But Scalia's opinion for the Court tried to deal with global satellite and massive computer technology with "originalist" methods: what would the Founding Fathers have thought if a colonial-era sheriff had tracked a bad guy by hiding a constable in his carriage. Seriously, grandpa? Alito retorted. "This would have required either a gigantic coach, a very tiny constable, or both -- not to mention a constable with incredible fortitude and patience."
Alito pointed out that there are plenty of ways for law enforcement to use GPS technology to track us without touching a thing:
For example, suppose that the officers in the present case had followed respondent by surreptitiously activating a stolen vehicle detection system that came with the car when it was purchased. Would the sending of a radio signal to activate this system constitute a trespass to chattels?... [C]ell phones and other wireless devices now permit wireless carriers to track and record the location of users -- and as of June 2011, it has been reported, there were more than 322 million wireless devices in use in the United States.
The Court's most recent search and seizure cases suggest that the test should be whether the defendant would have had a "reasonable expectation of privacy." That "expectation" isn't based on property law -- defendants have it, the Court has held, in a "public" place like a phone booth, but don't have it in "open fields" they own. We have, of course, no clue what Lord Camden would have thought of computerized law enforcement tools. Justice Alito would have applied the "reasonable expectation" standard to hold that "relatively short-term monitoring of a person's movements on public streets accords with expectations of privacy that our society has recognized as reasonable... In this case, for four weeks, law enforcement agents tracked every movement that respondent made in the vehicle he was driving. We need not identify with precision the point at which the tracking of this vehicle became a search, for the line was surely crossed before the 4-week mark." If law enforcement needed that much surveillance, he noted, they could bestir themselves to get a warrant.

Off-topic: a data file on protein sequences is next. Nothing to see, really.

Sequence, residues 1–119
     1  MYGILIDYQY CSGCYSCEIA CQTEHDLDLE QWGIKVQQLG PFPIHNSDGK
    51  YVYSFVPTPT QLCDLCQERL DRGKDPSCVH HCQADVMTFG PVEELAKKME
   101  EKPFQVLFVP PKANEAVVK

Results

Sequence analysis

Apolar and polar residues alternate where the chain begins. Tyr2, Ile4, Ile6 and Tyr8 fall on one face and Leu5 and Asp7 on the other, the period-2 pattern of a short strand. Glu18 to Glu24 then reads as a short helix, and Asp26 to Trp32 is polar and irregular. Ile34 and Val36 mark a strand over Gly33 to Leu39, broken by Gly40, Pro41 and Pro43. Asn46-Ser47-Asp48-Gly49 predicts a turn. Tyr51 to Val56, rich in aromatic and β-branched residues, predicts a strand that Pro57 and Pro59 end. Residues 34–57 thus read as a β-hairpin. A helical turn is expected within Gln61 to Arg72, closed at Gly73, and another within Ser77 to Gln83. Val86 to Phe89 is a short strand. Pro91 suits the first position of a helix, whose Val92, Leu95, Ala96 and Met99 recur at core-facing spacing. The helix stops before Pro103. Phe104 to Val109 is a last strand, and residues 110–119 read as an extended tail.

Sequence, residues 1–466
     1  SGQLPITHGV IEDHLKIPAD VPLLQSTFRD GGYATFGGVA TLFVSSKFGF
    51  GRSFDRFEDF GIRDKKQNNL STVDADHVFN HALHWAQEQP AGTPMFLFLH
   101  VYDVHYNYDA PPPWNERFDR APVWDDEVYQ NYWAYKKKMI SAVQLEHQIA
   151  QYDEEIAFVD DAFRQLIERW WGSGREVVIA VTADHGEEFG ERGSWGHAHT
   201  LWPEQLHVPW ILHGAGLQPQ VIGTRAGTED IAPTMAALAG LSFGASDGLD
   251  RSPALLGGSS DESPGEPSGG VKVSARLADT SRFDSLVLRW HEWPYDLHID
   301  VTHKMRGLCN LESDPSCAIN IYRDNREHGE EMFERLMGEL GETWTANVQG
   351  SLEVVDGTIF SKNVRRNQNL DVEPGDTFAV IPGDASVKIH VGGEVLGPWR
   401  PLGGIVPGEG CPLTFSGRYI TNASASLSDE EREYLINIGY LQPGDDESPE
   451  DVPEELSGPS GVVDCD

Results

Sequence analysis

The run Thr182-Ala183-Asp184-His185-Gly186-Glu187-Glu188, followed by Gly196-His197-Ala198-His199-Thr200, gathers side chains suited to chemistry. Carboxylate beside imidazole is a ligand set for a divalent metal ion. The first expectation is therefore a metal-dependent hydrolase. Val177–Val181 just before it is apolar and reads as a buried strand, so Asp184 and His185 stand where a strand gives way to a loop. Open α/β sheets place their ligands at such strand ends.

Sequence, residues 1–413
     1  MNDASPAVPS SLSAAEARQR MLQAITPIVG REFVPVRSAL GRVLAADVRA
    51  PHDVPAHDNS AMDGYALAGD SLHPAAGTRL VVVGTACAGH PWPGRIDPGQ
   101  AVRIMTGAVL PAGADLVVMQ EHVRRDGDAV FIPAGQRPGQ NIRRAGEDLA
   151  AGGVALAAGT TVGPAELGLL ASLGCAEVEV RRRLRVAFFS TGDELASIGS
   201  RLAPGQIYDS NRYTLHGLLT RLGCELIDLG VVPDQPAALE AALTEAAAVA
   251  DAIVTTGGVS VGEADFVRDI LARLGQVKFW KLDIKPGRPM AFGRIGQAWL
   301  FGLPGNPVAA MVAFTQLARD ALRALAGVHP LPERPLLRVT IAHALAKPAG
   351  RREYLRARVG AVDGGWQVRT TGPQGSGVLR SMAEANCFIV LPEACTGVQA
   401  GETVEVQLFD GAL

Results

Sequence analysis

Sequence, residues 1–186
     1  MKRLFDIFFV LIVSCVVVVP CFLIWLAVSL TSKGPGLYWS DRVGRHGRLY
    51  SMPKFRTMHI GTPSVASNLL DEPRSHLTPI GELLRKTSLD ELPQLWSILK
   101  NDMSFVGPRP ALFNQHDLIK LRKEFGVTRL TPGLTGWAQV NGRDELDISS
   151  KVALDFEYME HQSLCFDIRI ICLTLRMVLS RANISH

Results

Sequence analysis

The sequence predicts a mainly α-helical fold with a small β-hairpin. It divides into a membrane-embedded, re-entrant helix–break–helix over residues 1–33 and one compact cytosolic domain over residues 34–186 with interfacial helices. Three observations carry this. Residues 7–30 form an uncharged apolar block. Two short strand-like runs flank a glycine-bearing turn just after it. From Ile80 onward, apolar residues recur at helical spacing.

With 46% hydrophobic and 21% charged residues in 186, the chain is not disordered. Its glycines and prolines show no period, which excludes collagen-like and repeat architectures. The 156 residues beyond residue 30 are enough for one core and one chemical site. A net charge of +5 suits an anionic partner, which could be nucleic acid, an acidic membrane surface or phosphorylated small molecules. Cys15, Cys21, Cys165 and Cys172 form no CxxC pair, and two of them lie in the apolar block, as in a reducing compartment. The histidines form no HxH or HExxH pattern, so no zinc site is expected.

Alito pointed out that many of the protections evolved against misuse of other new technologies -- like wiretapping and electronic eavesdropping -- have been evolved by legislation, not the courts.
All nine of the Justices, I suspect, would be relieved if Congress would take on the tough questions posed by the combination of computer power and ubiquitous tracking devices.
That's a good reason for using a narrow ground of decision, as Justice Sonia Sotomayor pointed out in a concurrence, explaining why she joined Justice Scalia's opinion. Sotomayor noted that Americans today must furnish large amount of information to private entities like cellphone companies and internet service providers, and that the "expectation of privacy" line of cases doesn't address this problem. "Resolution of these difficult questions in this case is unnecessary, however, because the Government's physical intrusion on Jones' Jeep supplies a narrower basis for decision," she wrote.
Lawyers, by and large, aren't futurists; indeed, the structure of our discipline bears us ceaselessly back into the past. We sometimes feel self-hatred about that. "It is revolting to have no better reason for a rule of law than that so it was laid down in the time of Henry IV," Justice Oliver Wendell Holmes Jr. once wrote. "It is still more revolting if the grounds upon which it was laid down have vanished long since, and the rule simply persists from blind imitation of the past."
What would Justice Holmes have thought of "blind imitation of the past" as a source of brand-new rules for the future?
Let's ask him! Quick, Doc -- to the DeLorean!